How long does it take to write the first paragraph? Phew! Sometimes I wish I were a machine.
A pleasant evening . . . a little much red . . . and this morning I slept in three hours. The last week was chaotic, writing-wise, and I wasn’t in good shape hitting the weekend, but now I can’t escape the fact that the Big Year has been broken. I know this seems trivial but it isn’t to me. I’m now writing but also brewing over the dilemma: what does one do with an existential failure of this kind?
One month in, the Writing Big Year is intense to the point of near mania. I’ve finished two chapters but am falling a bit behind schedule, without much possibility of catching up later in the year. Protecting early rises by staidness and moderation in the evenings is a habit that’s onerous to master. In practice I’ve missed a handful of in-the-darkness alarms and had to scramble to make up time later in the days. So far I’ve honored the basic commitment. February will be key: can I deliver on the (adjusted) schedule? Let me also say how enjoyable this focus is.
The Fitness Big Year is a magnificent work-in-progress. I’ve kept up the daily jog/cycle/workout commitments and find the new activity mix exhilarating. Who knew riding a bike would be so much pure fun? Jogging has turned into a trial by fire but I’m only a bit behind target: 71 kms towards my 1,000-km goal. A persistent chest muscle injury hasn’t stopped me from getting to the gym 7 times, close to what I need to meet the 100 workouts/year goal. That injury, however, has led me to hold back on longer cycles and I’ve only managed 252 kms, only half what I’d hoped for in order to reach 5,000 kms over 2017. I’ll have to ride faster, or for longer, or both, or maybe I’ll have to put in some scary long rides. February also looms large for this Big Year.
Funnily enough, the Rock Music Big Year has proven straightforward. I’ve listened to 11 albums and written 11 “reviewlets,” exactly as proposed. I’d thought I’d listen on couch in evening; instead I’m one of those zombies you see walking the streets in a headphone cocoon. Such revelatory bliss! The only downside has been reduced book reading, but so be it.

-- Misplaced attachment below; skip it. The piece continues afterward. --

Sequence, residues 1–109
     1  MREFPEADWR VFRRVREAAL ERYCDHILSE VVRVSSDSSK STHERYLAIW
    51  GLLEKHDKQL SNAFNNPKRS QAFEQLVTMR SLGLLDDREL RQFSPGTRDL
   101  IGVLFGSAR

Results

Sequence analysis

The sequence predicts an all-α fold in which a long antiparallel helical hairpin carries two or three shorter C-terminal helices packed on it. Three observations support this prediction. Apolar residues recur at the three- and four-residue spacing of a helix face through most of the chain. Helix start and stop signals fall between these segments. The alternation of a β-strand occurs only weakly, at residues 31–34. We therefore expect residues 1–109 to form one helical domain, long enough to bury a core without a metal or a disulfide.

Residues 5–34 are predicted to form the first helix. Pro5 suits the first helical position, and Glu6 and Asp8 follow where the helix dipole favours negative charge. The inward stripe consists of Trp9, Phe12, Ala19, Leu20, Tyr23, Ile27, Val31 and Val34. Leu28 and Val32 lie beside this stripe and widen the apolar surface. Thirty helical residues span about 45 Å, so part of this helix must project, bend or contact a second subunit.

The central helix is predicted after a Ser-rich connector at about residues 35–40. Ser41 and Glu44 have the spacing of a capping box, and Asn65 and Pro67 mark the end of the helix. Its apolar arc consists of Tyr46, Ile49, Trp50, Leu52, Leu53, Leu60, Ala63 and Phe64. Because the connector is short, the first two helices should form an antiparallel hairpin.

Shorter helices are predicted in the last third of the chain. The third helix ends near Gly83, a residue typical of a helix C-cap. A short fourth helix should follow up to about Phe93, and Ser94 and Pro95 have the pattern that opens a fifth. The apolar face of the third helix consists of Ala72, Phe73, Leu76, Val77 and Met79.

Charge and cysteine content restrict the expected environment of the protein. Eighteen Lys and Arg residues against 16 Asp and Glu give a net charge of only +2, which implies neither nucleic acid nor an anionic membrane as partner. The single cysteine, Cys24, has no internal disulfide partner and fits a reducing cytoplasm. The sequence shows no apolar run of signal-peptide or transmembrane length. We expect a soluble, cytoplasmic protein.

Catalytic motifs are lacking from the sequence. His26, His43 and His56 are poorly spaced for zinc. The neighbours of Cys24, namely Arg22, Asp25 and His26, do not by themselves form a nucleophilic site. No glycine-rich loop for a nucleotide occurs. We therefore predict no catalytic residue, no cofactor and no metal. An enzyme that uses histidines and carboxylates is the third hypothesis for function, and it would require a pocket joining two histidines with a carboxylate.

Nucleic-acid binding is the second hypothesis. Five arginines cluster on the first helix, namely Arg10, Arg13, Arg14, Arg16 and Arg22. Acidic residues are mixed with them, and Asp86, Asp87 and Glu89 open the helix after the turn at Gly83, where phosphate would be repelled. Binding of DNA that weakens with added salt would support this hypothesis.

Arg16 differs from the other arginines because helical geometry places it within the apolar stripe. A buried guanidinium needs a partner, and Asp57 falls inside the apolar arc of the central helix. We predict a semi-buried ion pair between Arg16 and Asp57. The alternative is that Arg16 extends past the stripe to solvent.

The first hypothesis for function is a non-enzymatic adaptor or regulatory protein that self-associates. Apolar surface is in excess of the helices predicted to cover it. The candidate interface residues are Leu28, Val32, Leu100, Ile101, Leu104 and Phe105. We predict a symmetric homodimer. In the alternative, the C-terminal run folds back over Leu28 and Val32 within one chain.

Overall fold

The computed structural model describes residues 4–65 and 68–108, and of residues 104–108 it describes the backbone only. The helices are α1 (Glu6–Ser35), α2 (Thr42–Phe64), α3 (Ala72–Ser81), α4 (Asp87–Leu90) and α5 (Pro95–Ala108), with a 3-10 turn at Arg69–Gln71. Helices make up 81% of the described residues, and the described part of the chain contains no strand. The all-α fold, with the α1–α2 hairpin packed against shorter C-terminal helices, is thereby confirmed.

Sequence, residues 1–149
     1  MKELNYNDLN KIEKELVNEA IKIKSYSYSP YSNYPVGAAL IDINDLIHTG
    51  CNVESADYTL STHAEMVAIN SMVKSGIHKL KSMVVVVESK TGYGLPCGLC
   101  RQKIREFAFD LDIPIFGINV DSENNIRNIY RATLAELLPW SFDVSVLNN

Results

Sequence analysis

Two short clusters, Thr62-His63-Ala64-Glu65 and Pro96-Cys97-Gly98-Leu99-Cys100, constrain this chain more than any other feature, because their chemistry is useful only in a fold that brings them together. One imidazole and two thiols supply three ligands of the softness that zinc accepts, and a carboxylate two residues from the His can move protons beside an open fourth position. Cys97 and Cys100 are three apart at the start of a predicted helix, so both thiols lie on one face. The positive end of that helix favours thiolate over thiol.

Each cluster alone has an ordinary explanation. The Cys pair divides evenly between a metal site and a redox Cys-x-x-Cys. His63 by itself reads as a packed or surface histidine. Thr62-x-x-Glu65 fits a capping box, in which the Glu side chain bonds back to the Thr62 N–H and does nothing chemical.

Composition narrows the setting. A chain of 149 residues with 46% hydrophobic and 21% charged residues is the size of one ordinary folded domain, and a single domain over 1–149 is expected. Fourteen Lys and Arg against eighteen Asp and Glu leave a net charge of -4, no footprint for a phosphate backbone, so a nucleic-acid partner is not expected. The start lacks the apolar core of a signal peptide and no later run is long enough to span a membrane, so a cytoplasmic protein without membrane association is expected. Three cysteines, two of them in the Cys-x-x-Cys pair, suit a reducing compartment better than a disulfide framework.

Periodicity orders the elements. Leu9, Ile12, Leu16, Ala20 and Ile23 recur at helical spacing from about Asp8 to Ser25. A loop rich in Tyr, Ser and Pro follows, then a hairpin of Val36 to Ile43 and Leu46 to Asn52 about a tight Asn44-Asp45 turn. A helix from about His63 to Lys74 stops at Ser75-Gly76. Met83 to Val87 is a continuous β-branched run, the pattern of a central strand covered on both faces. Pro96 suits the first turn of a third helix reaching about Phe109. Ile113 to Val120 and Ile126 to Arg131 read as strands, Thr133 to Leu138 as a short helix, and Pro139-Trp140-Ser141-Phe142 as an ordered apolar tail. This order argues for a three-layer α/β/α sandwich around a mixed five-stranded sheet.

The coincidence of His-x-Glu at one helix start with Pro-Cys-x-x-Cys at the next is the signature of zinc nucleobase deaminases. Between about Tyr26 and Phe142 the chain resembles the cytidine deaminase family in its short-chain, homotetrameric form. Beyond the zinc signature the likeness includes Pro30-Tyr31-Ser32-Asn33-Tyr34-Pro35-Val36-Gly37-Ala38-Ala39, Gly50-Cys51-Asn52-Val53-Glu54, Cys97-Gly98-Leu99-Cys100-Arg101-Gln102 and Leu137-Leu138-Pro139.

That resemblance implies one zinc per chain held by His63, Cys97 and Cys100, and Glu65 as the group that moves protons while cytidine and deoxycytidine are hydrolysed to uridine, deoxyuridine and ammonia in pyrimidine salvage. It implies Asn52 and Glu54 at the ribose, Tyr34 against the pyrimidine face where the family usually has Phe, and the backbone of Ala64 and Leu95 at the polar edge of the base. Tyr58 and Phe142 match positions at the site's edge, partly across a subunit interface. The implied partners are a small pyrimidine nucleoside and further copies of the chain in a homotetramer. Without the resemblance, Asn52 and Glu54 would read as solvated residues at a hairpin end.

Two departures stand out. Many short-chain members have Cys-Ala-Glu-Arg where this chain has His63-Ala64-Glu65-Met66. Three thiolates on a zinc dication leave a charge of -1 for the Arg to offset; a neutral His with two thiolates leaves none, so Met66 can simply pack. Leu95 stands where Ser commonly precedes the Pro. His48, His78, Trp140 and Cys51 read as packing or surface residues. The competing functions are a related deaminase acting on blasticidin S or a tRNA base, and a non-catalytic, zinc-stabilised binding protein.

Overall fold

February, be kind to me!
Historian Lorna Arnold describing the world’s second troubling nuclear reactor accident on October 10, 1957, on an isolated northwestern coastline of England:
He went straight to the pile area. Going to the charge hoist, he saw what Gausden and others had seen; part of the pile below the channels that were being discharged was a mass of flames.
This is a period of intoxicating visions for the nuclear pioneers. Windscale 1957 cautions them.
Ah, the joy of seeing one of your favourite authors, one of his best books, on the big screen! Check out this interview in The Australian. Even if the movie disappoints, as it mostly will, even if the actors threaten to poison the images in your head . . . Dennis Lehane has always been my model for a certain form of writing and I’ll ever read him and see the films. (Image from The Australian)
Here’s what my blackboard tells me to listen to today. Aren’t the names of this group and album just brilliant? Don’t they remind you of the poetry of the records that uplifted you way back when?
I can’t wait to lower the needle onto the turntable! (Woops, no turntable these days, I’ll just jab fingers at the iPhone.)
It’s one thing to listen, three days in a row, to a new album bursting with vitality and chops. It’s another to start with high hopes and then groan through three days of vapid electro-pop. “I See You” by The xx came with such industry hype . . . what a waste. That said, part of developing an inner library of musical appreciation is surely taking the bad with the good.